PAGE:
Why the banks funding Musk’s Twitter deal probably won’t be able to help him go

Banks that agreed to fund Elon Musk’s $44 billion acquisition of Twitter have a financial incentive to help the world’s richest person walk away, but would face protracted legal difficulties, people say close to the agreement and experts in company law.

Twitter sued Mr Musk to force him to complete the deal, dismissing his claim that the San Francisco-based company misled him about the number of spam accounts on its social media platform as remorse of the buyer after a drop in tech stocks.

The Court of Chancery in Delaware, where the dispute between the two parties is ongoing, has set the bar high for buyers to be allowed to abandon their agreements, and most legal experts have said that the arguments in the case were in favor of Twitter.

Yet there is one scenario in which Mr. Musk would be allowed to walk away from the acquisition by paying Twitter only a $1 billion severance fee, under the terms of their contract: his $13 billion bank financing for the deal should collapse.

Refusing to fund the deal would hurt the banks’ reputations in the M&A market as reliable sources of debt. However, the banks would have at least two reasons to help Mr. Musk exit the acquisition, three sources familiar with the deal said.

Banks could earn lucrative commissions on Mr Musk’s business ventures such as electric car maker Tesla and space rocket company SpaceX, provided they continue to please him.

They also face the prospect of hundreds of millions of dollars in losses if Mr. Musk is forced into the deal, the sources said. Indeed, as with any major acquisition, the banks would have to sell the debt to get it off their books.

They would struggle to attract investors given the slowdown in pockets of the debt market since the deal was signed in April and the fact that Mr. Musk would be seen as an unwitting buyer of the company, the sources said. The banks would then be faced with the prospect of selling the debt at a loss.

It’s unclear whether the banks that agreed to fund the acquisition – Morgan Stanley, Bank of America, Barclays, Mitsubishi UFJ Financial Group, BNP Paribas, Mizuho Financial Group and Societe Generale – will try to pull out of the deal.

The banks are awaiting the outcome of the dispute between Mr. Musk and Twitter before making any decision, the sources say. The trial is due to begin in October.

Representatives from Morgan Stanley, Bank of America, Barclays, Mitsubishi and Mizuho declined to comment, while BNP Paribas and Societe Generale did not respond to requests for comment.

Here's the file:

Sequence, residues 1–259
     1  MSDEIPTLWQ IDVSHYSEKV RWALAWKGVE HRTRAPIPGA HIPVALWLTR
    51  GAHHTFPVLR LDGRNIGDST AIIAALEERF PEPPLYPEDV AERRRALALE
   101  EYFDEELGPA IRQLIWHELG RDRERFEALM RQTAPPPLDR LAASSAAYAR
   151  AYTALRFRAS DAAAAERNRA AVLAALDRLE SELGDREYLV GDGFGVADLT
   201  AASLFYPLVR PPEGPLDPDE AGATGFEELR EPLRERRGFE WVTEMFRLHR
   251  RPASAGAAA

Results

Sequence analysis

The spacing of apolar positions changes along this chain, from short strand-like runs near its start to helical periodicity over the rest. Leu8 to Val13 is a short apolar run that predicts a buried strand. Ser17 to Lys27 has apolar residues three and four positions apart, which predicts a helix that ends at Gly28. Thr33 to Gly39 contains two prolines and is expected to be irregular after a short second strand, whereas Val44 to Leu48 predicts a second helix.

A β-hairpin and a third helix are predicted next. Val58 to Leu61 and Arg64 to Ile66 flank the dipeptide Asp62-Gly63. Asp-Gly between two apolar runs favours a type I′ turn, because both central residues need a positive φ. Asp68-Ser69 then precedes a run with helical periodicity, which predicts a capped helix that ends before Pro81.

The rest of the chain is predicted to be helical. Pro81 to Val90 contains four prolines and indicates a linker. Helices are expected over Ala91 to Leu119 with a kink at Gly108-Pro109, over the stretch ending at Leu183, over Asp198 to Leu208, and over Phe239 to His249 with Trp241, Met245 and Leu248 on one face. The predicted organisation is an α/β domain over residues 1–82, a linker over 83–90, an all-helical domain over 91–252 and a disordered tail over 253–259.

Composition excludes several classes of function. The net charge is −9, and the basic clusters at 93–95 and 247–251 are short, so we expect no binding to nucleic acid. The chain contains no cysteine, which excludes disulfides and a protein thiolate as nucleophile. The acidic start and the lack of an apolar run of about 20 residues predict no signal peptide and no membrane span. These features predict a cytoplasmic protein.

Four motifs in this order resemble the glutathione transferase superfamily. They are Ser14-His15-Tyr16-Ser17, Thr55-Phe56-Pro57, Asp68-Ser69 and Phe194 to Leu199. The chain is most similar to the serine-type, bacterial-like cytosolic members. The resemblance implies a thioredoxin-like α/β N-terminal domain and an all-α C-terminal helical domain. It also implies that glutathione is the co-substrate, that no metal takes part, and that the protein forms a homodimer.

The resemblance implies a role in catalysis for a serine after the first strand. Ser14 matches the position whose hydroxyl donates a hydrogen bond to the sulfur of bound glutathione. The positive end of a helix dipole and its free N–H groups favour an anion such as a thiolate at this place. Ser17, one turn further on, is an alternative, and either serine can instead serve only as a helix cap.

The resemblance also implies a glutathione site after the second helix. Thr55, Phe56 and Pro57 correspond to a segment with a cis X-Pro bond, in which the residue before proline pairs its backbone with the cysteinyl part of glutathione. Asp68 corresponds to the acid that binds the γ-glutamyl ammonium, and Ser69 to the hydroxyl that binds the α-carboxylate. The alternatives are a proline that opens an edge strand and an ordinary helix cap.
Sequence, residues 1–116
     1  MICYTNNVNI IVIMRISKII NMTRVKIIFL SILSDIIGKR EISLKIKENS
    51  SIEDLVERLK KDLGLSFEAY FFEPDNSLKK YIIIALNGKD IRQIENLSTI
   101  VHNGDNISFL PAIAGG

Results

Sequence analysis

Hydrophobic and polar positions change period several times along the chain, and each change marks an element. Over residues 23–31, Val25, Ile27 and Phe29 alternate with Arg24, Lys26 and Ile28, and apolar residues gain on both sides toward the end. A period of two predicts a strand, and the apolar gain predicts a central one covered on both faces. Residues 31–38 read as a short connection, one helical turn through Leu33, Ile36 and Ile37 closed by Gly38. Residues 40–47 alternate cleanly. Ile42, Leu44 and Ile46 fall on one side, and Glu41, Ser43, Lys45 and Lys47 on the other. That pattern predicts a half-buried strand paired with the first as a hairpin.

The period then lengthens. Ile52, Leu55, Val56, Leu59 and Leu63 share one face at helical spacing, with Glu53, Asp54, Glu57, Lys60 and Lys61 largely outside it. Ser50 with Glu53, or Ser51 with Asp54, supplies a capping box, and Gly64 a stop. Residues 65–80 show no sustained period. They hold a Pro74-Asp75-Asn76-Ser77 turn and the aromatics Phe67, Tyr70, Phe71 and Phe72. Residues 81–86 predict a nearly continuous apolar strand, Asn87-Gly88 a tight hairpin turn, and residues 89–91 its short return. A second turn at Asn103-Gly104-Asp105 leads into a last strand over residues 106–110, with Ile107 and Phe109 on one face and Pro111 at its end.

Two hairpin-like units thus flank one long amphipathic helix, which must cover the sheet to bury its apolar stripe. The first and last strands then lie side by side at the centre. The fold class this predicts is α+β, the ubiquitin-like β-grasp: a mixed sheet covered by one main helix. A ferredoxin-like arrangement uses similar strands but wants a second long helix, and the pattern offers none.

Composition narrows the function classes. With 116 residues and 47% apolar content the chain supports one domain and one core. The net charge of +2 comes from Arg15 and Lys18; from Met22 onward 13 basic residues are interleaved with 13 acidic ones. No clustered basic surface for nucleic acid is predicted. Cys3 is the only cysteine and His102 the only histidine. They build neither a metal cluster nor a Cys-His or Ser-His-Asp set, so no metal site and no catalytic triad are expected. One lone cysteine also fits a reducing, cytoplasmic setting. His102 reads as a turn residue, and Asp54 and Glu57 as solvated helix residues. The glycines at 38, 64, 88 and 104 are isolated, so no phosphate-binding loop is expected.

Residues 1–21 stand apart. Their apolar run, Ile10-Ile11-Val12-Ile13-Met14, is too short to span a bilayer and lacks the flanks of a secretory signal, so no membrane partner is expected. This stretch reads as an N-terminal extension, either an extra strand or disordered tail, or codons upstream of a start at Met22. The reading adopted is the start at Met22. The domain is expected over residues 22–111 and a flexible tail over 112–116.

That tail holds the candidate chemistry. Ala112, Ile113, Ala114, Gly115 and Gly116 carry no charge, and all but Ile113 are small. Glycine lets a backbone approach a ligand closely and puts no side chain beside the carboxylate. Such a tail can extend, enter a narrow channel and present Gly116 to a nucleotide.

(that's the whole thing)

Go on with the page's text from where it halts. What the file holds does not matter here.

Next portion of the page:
There’s a catch to the banks serving as Mr. Musk’s escape hatch: He would have to show the court that the banks refused to meet their debt commitments despite his best efforts, under the terms of his deal with Twitter.

That would be difficult to prove given Mr. Musk’s public statements against the deal as well as private communications between Mr. Musk and the banks that Twitter may uncover in its request for information, four business lawyers and professors said. interviewed by Reuters.

“Musk should convince the judge that he is not responsible for the failure of the bank financing. It is difficult to demonstrate, it would require great skill on his part and on the banks’, said Eric Talley, a professor at Columbia Law School.

Representatives for Mr. Musk and Twitter did not respond to requests for comment.

Even if the banks can show they are not acting on Mr Musk’s request, they would have a hard time pulling out of the Twitter deal, legal experts said. They pointed to the case of chemical maker Hunstman, which in 2008 sued banks that backed out of financing its $6.5 billion sale to Hexion Specialty Chemicals.

Hexion, owned by private equity firm Apollo Global Management, scrapped the deal after Huntsman’s fortunes deteriorated, but a Delaware judge ruled the deal should go ahead. The two banks financing the operation, Credit Suisse Group and Deutsche Bank, later refused to finance it, arguing that the merged company would be insolvent.

Huntsman sued the banks, and a week after the trial began, they settled. The banks agreed to a cash payment of $620 million and the provision of a $1.1 billion line of credit to Hunstman, who had also earlier secured a $1 billion settlement payment from Apollo .

Banks reluctant to fund Mr. Musk’s deal would also have to show that Twitter would be insolvent if the acquisition went through, or that the terms of their debt covenant were somehow breached, a high bar based on the documents from the agreement that have been made public, the legal framework experts said.

“If the banks try to pull out of the deal, they’ll get into the same fight Musk fought, where Twitter has the best legal case,” said Eleazer Klein, co-chair of mergers at law firm Schulte Roth & Zabel. , acquisitions and securities group.

Updated: August 07, 2022, 04:00

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